But eigenkets of ##i\hbar \frac{\partial}{\partial t}## are not necessarily eigenkets of H.

For example, you can write the full time-dependent Schroedinger equation (your Eq 1) with several different Hamiltonians (eg. Hamiltonian for the simple harmonic oscillator or Hamiltonian for the hydrogen atom). The eigenkets of each Hamiltonian will be eignekets of ##i\hbar \frac{\partial}{\partial t}##, but eigenkets of the simple harmonic oscillator are not eigenkets of the hydrogen atom.
Let
$$\Psi(x,t) = A(t) \psi(x)$$
Applying Schrodinger's Time dependent equation:
$$\begin{equation}
i\hbar\frac{\partial}{\partial t}\left(A(t)\psi(x)\right) = H\left(A(t)\psi(x)\right)
\end{equation}$$
Let ##\psi(x)## is an eigenfunction of ##H## with eigenvalue ##E##. So, we get
$$\begin{align}
i\hbar\frac{d}{dt}\left(A(t)\right)\cdot \psi(x) = EA(t)\psi(x)\\
\implies i\hbar\frac{d}{dt}\left(A(t)\right) = EA(t)\\
\implies A(t) = e^{-\frac{iEt}{\hbar}}\\
\implies \Psi(x,t) = \psi (x) e^{-\frac{iEt}{\hbar}}
\end{align}$$

So, the general solution is
$$\Psi(x,t) = \sum \psi _n(x) e^{-\frac{iE_nt}{\hbar}}$$

But the eigenfunctions (of the Hamiltonain operator) ##\psi(x)## are not the same for different systems (i.e for different ##H##).
 
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  • #16
vanhees71
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In my notation, ##\Psi:=\Psi (x,t):{\mathbb R}^2 \to \mathbb C## is not a wavefunction in the quantum-mechanical sense, but rather a function capturing the entire space-time dependence of a system. To see that these functions do not form (or generally even belong to) ##L^2(\mathbb R^2,\mathbb C)## you need only consider the simple case of a stationary state of a system corresponding to an energy value ##E##, say, for which the space-time function has the form $$\Psi (x,t):(x,t)\mapsto e^{-iEt}\phi(x)$$A simple calculation shows $$\parallel \Psi \parallel^2:=\iint_{\mathbb R^2}|e^{-iEt}\phi(x)|^2dxdt=\infty$$In other words, even though the ##\Psi## form a Vector Space, due to the linearity of the Schrodinger Equation, they do not form an ##L^2## Hilbert Space.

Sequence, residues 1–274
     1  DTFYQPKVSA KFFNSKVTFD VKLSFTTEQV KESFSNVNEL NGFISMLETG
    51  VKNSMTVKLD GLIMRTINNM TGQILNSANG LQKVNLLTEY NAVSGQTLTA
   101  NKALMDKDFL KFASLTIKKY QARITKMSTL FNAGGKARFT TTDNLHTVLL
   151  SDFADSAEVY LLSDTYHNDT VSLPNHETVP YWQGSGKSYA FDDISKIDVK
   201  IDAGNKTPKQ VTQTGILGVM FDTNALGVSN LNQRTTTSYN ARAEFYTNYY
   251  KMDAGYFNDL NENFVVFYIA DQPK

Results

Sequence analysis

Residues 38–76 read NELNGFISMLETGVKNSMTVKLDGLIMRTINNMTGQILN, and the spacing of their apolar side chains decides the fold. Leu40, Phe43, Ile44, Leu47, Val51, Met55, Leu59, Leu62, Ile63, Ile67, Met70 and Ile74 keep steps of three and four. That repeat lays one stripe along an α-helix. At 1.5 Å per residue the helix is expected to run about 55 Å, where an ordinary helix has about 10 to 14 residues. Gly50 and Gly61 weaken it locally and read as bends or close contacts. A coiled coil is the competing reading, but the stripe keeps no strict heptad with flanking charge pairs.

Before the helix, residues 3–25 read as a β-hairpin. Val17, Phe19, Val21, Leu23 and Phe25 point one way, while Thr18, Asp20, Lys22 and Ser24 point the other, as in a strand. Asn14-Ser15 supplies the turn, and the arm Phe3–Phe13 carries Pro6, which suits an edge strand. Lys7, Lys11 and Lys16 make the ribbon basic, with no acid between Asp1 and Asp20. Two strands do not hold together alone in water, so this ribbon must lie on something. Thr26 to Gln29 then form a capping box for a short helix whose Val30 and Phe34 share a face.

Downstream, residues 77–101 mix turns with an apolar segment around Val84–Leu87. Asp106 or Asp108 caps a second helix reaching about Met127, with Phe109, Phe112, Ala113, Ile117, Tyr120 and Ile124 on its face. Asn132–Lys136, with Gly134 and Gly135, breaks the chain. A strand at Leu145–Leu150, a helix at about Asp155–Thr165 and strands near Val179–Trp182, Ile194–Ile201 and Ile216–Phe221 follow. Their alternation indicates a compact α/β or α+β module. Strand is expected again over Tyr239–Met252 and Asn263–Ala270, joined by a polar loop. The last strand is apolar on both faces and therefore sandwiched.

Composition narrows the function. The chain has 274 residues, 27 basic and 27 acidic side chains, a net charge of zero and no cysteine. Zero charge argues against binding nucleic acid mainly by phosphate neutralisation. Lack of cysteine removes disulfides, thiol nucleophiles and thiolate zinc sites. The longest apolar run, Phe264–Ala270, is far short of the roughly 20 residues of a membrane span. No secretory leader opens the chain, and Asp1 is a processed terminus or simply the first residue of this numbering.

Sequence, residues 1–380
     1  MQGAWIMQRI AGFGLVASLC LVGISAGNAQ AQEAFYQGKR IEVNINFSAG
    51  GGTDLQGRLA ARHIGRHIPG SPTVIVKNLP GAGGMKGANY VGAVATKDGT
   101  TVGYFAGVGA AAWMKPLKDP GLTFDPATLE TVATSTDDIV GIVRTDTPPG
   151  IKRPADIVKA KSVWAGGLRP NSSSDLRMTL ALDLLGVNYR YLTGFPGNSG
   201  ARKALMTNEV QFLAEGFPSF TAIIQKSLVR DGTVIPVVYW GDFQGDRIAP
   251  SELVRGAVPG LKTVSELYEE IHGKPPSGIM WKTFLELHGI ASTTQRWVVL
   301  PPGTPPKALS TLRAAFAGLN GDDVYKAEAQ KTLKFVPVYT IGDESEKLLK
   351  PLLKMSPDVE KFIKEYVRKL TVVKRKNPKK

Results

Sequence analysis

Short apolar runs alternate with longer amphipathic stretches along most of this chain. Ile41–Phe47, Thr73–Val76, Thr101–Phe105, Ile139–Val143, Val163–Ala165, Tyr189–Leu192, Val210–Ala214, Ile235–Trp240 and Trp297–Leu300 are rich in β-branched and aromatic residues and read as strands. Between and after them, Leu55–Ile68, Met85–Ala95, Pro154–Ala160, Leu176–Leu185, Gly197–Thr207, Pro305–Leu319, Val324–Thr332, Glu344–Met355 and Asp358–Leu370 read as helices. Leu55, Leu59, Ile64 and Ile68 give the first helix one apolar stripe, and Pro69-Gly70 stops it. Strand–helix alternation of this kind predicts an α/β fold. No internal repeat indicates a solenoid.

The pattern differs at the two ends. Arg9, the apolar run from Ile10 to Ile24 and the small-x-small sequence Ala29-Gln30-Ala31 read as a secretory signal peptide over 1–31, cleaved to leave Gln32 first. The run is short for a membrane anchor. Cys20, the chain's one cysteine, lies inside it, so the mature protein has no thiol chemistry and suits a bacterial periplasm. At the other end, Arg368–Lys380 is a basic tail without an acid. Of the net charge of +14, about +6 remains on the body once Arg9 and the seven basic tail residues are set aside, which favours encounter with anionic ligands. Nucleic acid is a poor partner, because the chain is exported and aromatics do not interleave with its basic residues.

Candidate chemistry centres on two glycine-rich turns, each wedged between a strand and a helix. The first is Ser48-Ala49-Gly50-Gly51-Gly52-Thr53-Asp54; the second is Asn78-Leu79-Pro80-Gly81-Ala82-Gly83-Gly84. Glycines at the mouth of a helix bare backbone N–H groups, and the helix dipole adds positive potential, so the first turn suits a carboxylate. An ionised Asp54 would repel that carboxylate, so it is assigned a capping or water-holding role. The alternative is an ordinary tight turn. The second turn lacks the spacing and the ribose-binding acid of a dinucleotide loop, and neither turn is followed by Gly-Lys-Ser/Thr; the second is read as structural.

Yes. And I capture that fact by incorporating time ##t## into the label of my wavefunctions (i.e. ##\psi_t##), each of which does belong to the Hilbert Space ##L^2(\mathbb R, \mathbb C)##.
Yes, of course. BUT... when you are interpreting ##H## to act on ##\Psi## functions you should really use a different symbol to when you are interpreting ##H## to act on ##\psi## functions, as the latter is an observable while the former is not.

Of course, in practice physicists do not typically make these symbolic distinctions, but it is extremely useful to do so when you are just learning or else you carry misconceptions into the more general Hilbert Space formalism. For example, when you make these careful distinctions, you will not be tricked, as so many people are, into thinking that multiplication by the time variable, ##T:\Psi(x,t) \mapsto t\Psi(x,t)##, should yield a time operator perfectly analogous to the position operator. Such a map ##T## is not an operator in the Hilbert Space, and does not correspond to a quantum observable!
You should really read a good basic textbook on quantum mechanics!

Again: The Schrödinger equation reads (for 1D motion and with ##\hbar=1##)
$$\mathrm{i} \partial_t \Psi(t,x)=\hat{H} \Psi(t,x)=-\frac{1}{2m} \partial_x^2 \Psi(t,x)+V(x) \Psi(t,x).$$
The wave function ##\Psi## as a function of ##x## at fixed ##t## MUST be square integrable to be a representative of a pure state (i.e., defining a unit ray in Hilbert space, representing this state). Since ##\hat{H}## is self adjoint this means that the initial condition
$$\Psi(t=0,x)=\psi_0(x)$$
must be a square-integrable function. Then ##\Psi## at any ##t## is square integrable and
$$\int_{\mathbb{R}} \mathrm{d} x |\Psi(t,x)|^2=\int_{\mathbb{R}} \mathrm{d} x |\psi_0(x)|^2=\text{const}.$$
The constant is usually fixed to 1, so that ##|\Psi(t,x)|## is the probability distribution for the position at time ##t##.

If ##\psi_0## is an eigenfunction of ##\hat{H}##,
$$\hat{H} \psi_0(x)=E \psi_0(x)$$
then you can immediately integrate the Schrödinger equation to give
$$\Psi(t,x)=\exp(-\mathrm{i} E t) \psi_0(x),$$
and of course
$$\int_{\mathbb{R}} \mathrm{d} x |\Psi(t,x)|^2=\int_{\mathbb{R}} \mathrm{d} x |\psi_0(x)|^2=1.$$